Chapter 5: Relating Outputs to Inputs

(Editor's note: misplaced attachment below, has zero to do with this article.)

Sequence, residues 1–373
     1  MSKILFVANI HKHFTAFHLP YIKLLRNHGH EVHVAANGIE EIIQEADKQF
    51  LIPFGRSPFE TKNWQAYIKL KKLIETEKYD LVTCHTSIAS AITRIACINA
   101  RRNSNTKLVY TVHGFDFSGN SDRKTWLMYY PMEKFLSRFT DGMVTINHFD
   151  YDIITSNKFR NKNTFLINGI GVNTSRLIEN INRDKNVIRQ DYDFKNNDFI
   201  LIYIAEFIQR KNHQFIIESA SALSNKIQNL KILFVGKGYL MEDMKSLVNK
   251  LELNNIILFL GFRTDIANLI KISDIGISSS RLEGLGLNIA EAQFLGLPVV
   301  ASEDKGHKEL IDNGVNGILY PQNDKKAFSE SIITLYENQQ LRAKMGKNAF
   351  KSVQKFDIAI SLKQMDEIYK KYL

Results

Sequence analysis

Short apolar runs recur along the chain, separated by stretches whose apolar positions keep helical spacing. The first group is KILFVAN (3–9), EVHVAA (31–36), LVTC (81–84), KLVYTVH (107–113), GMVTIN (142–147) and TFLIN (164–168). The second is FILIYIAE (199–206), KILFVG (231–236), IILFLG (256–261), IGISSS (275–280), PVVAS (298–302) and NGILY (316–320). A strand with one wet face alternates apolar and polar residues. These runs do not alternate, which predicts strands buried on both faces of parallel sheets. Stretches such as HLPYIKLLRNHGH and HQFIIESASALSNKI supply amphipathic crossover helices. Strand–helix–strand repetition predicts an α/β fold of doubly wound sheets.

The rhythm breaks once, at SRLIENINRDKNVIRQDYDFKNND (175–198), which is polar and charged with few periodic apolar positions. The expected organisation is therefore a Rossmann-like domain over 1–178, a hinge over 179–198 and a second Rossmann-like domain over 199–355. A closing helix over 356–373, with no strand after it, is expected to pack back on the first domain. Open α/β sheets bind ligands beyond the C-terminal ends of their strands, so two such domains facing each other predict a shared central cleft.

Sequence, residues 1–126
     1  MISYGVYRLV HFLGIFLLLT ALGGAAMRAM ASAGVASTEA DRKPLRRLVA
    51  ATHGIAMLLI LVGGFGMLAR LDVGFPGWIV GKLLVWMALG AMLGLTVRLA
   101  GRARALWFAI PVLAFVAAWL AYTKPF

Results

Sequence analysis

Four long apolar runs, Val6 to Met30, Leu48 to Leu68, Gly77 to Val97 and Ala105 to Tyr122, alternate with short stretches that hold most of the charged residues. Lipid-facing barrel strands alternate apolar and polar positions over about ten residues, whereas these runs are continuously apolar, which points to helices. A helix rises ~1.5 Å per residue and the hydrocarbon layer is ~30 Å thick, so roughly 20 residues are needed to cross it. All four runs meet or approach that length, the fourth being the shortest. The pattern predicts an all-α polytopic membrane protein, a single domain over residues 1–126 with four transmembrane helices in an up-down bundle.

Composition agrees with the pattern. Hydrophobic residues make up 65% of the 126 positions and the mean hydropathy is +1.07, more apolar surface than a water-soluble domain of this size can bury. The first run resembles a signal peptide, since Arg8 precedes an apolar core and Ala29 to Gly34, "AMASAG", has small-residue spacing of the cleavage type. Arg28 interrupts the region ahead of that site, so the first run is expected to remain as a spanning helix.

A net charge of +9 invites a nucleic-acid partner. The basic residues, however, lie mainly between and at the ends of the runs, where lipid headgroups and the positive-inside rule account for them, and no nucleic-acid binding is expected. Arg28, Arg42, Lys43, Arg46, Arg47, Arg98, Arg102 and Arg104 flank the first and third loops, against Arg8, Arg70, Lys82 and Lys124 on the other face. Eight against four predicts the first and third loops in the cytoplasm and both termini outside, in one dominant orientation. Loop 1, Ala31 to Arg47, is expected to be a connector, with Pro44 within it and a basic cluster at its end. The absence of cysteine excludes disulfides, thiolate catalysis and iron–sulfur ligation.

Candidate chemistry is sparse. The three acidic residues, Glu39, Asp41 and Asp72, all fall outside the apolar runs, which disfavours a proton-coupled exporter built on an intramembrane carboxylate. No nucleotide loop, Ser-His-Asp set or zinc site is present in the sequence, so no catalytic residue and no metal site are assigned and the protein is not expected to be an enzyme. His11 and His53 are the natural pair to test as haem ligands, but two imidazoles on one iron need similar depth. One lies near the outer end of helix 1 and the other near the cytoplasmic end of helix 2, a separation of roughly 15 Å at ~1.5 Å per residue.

INTRODUCTION Chapter 4 analysed closure rates for male- and female-controlled SMEs and found no difference after controlling for age, size and industry. However, as discussed in Chapter 2, using closure rates as a performance measure has a number of limitations. For example, many service businesses will close when the proprietor reaches retirement age, and the vast majority of these would not be considered failures. Therefore, to further compare the performances of male- and female-controlled SMEs, this chapter will examine a number of other potential performance indicators that relate various outputs (such as sales and profit) to various inputs (such as the number of employees and the owner’s investment in the business). While previous studies have also examined some of these output and input variables, few have related the output measures to the input measures. For example, Rosa, Carter and Hamilton (1996) reported that businesses owned by women were found to underperform on a number of quantitative measures, such as: number of employees, sales turnover and value of capital assets. I would argue that these are not appropriate measures of performance; they are simply measures of size. For example, let us assume that we have two investors (A and B) and that A invests $100 000 in the stock market and B invests $50 000. After twelve months both investors liquidate their stocks with the result that A achieved a profit of $4500 and B $3000. Which investor did best? A had a higher profit, but then A also invested (and...
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